News roundup: Why do China and the U.S. disagree on nuclear policy? Plus the new Silk Road and tourists in Russia



China brings its version of economic development to the Caucasus with a real estate project in Georgia’s capital

“We are Chinese, so we build like in China,” says Scott Mi, head of the private state-backed firm behind the massive property development known as the Tbilisi Sea New City. Georgia is a critical link connecting China to Europe in the “new Silk Road” project of President Xi Jinping. / The New York Times

Remote spending:

  • China plans to spend $140 billion by 2020 to move poor citizens from isolated inland regions to more developed parts of the country / Reuters


  • China’s aviation ambitions are resting on a long-delayed passenger jet model from a state-owned firm / Bloomberg
  • Opinion: China has an ecosystem for innovation that is creating companies to challenge established multinational firms / Quartz
  • China sees a garlic price bubble following a poor harvest and surging interest from speculators / Financial Times
  • Rising wages and slowing demand may force Chinese factories to raise prices / Bloomberg
  • China’s detention of 18 Australian casino company employees prompts some foreign business consultants to advise staying out of the country altogether / WSJ



A report finds nuclear policy is interpreted differently by the U.S. and China, with ‘deterrence’ a tricky term

The Carnegie Endowment for International Peace’s new report notes that Washington distinguishes between nuclear deterrence and “nuclear compellence,” or the “idea that using a threat can force a rival to take action it does not wish to,” and China does not. In another difference, the U.S. nuclear arsenal serves as a guarantee of security to allies, whereas the “lean but effective” stock of weapons in China is kept only to deter nuclear attacks. / CNBC

A show of compellence?

  • China expected to unveil a stealth fighter jet at an aerospace exhibition this week / CNN


  • Opinion: Xi Jinping’s strongman rule will test the Western assumption that economic openness and prosperity would make China more democratic / Financial Times
  • China says no change to the situation at the disputed Scarborough Shoal after the Philippines reports a decreased Chinese presence in the area / Reuters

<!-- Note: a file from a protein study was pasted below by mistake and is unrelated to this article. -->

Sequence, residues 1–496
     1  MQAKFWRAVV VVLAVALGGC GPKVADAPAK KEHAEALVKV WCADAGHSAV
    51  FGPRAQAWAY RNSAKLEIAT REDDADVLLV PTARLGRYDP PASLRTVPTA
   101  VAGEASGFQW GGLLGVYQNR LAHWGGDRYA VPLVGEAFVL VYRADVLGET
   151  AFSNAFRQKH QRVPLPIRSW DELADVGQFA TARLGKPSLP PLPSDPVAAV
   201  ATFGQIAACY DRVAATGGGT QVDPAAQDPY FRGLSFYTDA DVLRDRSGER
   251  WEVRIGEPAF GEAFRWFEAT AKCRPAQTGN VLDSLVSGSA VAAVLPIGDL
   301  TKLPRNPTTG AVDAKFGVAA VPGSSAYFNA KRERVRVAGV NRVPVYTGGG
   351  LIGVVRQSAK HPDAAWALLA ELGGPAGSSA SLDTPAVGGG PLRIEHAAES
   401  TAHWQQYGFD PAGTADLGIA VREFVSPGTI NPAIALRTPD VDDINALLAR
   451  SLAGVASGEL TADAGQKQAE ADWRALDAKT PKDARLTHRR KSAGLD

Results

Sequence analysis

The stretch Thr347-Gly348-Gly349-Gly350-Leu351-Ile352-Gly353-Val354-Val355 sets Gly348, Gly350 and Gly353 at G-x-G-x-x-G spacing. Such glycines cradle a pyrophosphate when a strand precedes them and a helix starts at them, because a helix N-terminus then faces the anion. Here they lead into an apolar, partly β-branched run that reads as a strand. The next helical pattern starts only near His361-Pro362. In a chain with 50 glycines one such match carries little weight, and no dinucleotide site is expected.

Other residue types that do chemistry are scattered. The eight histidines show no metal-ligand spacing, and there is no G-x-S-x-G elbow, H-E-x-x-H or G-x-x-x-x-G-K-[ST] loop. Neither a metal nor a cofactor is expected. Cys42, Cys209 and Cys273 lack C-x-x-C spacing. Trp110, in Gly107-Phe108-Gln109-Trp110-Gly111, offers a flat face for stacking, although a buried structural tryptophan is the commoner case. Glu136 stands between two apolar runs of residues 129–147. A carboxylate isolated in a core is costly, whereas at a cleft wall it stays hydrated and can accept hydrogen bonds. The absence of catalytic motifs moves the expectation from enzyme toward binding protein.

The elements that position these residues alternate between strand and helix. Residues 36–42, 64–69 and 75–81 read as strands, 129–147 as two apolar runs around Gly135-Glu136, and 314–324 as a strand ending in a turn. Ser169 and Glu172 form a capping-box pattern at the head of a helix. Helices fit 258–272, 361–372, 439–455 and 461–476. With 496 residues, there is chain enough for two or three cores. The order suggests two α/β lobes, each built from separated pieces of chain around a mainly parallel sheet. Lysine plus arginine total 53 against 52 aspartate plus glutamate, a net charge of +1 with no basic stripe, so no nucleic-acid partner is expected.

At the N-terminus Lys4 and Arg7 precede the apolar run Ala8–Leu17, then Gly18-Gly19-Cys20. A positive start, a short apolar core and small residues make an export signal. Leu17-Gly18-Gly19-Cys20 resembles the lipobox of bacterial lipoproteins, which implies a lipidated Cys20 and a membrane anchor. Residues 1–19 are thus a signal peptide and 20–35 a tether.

• Beijing and the Vatican are said to reach a compromise on the appointment of bishops in China / WSJ
  • Beijing offers support on tourism and agriculture to Taiwanese towns that oppose the island’s ruling government / Reuters


Elena Fragoso/

Chinese visitors flock to Russia to learn about Communist history as leaders push ‘red tourism’

Russia is expected to be the No. 16 tourist destination for Chinese this year, ahead of the U.K., with more than 1.1 million visitors, representing a 16 percent increase over 2015. / WSJ


  • Beijing’s Forbidden City brings virtual reality to an exhibit of a famed porcelain site’s archaeology / WSJ
  • An online novelist in China makes some of the highest earnings of any writer in the world as his stories get adapted into a video game, movie and television show / NYT
  • Artists flock to a tiny town an hour outside Beijing in search of lower rent, following the lead of art schools and famous artists pouring more resources into that location / NYT
  • A popular television show in Shanghai is canceled after two guests admit neglecting to report rapes, and they along with the show itself receive media condemnation / BBC
  • After a scandal over counterfeit sanitary pads, social media users criticize the government’s quality-control efforts / What’s on Weibo
  • China plans to spend $140 billion by 2020 to move poor citizens from remote inland regions to more developed parts of the country / Reuters
The editors

Jeremy Goldkorn, Anthony Tao, Lucas Niewenhuis, Jia Guo, and Jiayun Feng.